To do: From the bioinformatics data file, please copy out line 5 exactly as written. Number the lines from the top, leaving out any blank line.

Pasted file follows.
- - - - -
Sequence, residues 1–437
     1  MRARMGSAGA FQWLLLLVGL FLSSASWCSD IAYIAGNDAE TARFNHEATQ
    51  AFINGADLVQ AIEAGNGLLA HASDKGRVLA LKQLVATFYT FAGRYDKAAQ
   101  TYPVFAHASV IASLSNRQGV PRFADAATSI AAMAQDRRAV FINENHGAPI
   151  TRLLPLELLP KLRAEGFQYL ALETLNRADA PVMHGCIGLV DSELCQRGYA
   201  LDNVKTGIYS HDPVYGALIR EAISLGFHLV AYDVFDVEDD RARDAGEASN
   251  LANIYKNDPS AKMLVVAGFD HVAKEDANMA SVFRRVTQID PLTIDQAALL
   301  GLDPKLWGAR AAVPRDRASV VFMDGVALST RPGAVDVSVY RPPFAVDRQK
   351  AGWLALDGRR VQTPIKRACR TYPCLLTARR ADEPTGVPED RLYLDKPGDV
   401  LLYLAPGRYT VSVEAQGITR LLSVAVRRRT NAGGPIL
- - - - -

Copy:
   151  TRLLPLELLP KLRAEGFQYL ALETLNRADA PVMHGCIGLV DSELCQRGYA